Effective learning techniques

Effective learning techniques

The fact that you are reading our poker strategy content at UnfairPoker.com suggests that you are interested in improving your game. However, just reading our content (or anyone else’s content) or watching videos or listening to podcasts etc. is going to do little to make you a better poker player. Reading, watching, or listening are not by themselves effective learning techniques – you are attempting to absorb someone else’s information passively. Unfortunately, you are not a sponge – you cannot possibly remember all the information you were given. Even if you did manage to find ways to remember the information, that’s a start, but it is still nowhere near enough. You have to understand how to actually utilize that information in practice.

Make quality & usable notes

Don’t write down a transcript

The first thing we would recommend, when learning from any poker content (such as the training material here at UnfairPoker.com) is to make notes. However, just noting down everything you are told via an article, video, or podcast isn’t really going to do you that much good – all you have done then is effectively created a transcript of the information. Instead write done the most useful things that you didn’t already know, or things that you did know but have been explained to you in a better way.

Chunking by subject area

As a tip, we would recommend organizing your notes via subject area, divided into major categories, like key concepts, foundational math, overall strategy, tactical advice, mental game advice, etc. and make subcategories in each one. We would recommend purchasing a notebook, that is already divided into several tabbed or color coded sections. Every time you read, watch, or listen to poker training material write down your notes in the appropriate section, instead of starting a new page for each new piece of training material you use. This way your notes will be more useful.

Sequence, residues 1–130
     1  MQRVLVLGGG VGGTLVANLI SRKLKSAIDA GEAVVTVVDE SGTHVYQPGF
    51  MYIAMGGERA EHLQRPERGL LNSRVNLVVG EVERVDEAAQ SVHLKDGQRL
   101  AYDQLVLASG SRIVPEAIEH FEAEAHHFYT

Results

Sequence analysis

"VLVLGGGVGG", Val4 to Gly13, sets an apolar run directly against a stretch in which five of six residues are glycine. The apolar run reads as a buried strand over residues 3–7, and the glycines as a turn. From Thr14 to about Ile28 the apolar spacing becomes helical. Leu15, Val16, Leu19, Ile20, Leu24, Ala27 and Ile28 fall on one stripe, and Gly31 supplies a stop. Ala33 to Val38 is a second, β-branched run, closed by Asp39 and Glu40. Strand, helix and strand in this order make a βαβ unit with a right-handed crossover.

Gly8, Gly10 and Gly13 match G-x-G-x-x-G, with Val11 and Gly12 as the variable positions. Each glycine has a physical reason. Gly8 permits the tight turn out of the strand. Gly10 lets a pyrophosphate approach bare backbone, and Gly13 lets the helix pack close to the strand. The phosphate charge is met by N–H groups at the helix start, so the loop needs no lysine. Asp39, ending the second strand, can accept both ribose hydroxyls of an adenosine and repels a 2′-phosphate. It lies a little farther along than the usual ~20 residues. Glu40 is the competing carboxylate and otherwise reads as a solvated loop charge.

Consider another approach

Instead of writing down the key ideas that you are learning, write down questions instead. So if you have just seen a great explanation of what the difference is between ‘hot & cold’ and robust equity – write down ‘what is the difference between ‘hot & cold’ and robust equity?’ – hopefully, you will have written down several questions. Several hours (or better still the following day) after reading, watching, or listening to the training material answer your questions. You will be surprised about how difficult it sometimes is to answer these questions – even though you thought you understood the concepts perfectly the first time. You can go back through the training material, correct your answers. The questions you feel you could have done better on, can be re-answered the following day. The great thing about writing down key questions, is you can go back again in a week or month, to see if you still properly remember the information.

Use hand histories to practice

Just learning concepts is not enough. If you have been playing poker for a while, hopefully you have noted down many interesting hands. Pick out some appropriate hands, and write down how you could improve what you did based on the new information you have learned. Use any appropriate software to do this.

If there are hand examples in the training material, work through them thoroughly yourself. We would recommend writing down the basics of the hand – e.g. cards, action etc from the material – and working on the hand from scratch. What assumptions (if any) were made, and do you agree with the conclusions.

Put theory into real practice

As the cliche goes, practice makes perfect. Using the information you have learned in real life, is one of the most effective learning techniques you have at your disposal. Make detailed notes of your game play – you will often find you didn’t quite remember something, or something that seemed quite straightforward in the training material is difficult to implement – after the game, you will need to consider why.